Our morning trip is aborted due to rough seas and bad lightning. We turn back after getting part way into the dolphin grounds.
Funny, to me, that they call them the dolphin “grounds.” I guess there can be “ground” underwater. Since it is the area where they see them most often and it is a shallow sandy bank; I guess it works.
In our few weeks here, we’ve come to appreciate how Bimini Undersea runs their wild dolphin swim trips. They believe strongly in consistency and so they run the same course, at the same speed, looking for dolphins at about the same time each day they go out. They are very respectful of the animals and their decision to put people in the water is based on the dolphin’s behavior. If they swim off quickly when we slow the boat down, we obviously don’t get in. If they appear 100 meters away from that last sighting, we may go over to them once more, but if they vanish again, we won’t continue following that group. Bill and Nowdla (and their staff — Melanie, Audley and Christine) are very careful not to harass the dolphins by following too often or too close, if that group seems unwilling or uninterested in interacting with people.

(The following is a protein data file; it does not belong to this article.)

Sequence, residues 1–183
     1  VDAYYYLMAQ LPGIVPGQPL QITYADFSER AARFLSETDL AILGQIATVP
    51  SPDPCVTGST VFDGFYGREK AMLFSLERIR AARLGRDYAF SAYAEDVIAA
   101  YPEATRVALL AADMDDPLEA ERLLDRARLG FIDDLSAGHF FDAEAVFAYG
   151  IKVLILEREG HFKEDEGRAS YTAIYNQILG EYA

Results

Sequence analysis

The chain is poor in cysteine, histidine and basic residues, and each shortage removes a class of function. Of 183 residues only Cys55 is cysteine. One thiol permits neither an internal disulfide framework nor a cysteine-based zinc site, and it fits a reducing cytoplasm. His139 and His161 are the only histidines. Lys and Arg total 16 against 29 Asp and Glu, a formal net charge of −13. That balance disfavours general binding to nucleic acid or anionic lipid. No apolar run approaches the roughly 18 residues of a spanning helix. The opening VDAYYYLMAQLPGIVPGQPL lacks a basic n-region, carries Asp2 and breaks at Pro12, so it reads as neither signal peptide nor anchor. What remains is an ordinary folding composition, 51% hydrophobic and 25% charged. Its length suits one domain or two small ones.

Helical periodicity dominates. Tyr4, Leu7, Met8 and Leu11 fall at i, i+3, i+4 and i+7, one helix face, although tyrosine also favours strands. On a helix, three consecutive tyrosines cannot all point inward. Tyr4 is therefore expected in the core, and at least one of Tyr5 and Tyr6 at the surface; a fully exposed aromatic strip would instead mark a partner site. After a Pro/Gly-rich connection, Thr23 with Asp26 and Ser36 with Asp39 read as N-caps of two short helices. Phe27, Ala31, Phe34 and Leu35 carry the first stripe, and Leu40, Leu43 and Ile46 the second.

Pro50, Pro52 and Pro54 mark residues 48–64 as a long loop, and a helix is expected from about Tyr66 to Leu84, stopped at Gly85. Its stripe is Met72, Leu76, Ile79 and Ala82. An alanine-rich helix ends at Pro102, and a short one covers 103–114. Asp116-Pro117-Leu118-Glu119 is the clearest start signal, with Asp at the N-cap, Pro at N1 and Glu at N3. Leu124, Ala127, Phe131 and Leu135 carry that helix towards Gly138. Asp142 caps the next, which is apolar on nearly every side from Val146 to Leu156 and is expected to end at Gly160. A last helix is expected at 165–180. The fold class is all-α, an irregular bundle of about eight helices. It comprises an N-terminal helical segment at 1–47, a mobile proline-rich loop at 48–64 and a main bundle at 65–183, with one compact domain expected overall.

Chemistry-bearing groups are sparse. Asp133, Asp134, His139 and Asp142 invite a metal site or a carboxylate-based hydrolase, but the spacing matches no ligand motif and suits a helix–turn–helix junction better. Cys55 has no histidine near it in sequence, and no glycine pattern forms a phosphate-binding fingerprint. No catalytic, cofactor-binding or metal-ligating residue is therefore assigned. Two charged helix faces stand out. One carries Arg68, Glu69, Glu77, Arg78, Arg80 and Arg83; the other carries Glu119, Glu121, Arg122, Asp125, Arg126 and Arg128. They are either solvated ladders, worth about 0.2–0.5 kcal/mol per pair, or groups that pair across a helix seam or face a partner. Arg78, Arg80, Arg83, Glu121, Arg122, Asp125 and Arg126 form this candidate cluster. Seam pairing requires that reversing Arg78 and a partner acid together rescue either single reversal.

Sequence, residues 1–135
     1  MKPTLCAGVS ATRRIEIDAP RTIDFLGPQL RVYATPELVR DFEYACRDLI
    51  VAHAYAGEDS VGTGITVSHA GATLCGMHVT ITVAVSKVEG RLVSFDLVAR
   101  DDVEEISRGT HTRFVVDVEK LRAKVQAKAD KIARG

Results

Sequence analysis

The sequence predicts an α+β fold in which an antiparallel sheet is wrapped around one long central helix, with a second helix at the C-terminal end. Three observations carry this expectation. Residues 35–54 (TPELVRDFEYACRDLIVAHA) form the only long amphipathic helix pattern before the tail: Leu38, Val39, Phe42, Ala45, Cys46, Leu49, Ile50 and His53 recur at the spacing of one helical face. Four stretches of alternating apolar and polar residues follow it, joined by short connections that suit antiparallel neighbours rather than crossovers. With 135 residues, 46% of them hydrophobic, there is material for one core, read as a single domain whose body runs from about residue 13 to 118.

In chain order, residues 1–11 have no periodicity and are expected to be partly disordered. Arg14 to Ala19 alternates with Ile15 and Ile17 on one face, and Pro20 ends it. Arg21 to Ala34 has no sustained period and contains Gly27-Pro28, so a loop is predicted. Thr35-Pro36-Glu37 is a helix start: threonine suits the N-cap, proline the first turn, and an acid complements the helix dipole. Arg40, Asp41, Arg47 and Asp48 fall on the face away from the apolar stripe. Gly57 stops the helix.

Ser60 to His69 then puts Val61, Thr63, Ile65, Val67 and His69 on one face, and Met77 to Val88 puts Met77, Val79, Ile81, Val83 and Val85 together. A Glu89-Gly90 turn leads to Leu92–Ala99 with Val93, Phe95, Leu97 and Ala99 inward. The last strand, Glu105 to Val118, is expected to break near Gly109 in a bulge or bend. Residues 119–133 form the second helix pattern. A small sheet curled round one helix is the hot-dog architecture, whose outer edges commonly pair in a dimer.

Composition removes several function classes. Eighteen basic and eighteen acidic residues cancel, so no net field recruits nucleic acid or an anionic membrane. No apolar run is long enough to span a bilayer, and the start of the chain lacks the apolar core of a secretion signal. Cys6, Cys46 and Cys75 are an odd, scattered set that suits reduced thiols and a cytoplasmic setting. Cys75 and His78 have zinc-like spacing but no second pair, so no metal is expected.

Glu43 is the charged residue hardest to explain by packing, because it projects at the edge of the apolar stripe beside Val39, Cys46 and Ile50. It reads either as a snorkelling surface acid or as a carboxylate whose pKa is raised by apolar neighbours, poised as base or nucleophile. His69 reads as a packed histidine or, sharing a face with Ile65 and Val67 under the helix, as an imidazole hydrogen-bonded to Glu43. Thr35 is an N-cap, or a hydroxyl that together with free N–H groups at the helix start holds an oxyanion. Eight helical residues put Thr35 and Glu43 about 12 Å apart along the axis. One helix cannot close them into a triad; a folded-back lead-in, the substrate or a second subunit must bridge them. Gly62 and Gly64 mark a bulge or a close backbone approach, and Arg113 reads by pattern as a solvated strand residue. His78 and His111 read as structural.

On the afternoon trip, we find 14 spotted dolphins. Three small subgroups swim about for about 40 minutes, but only 6 interact with us.
TJ & Susan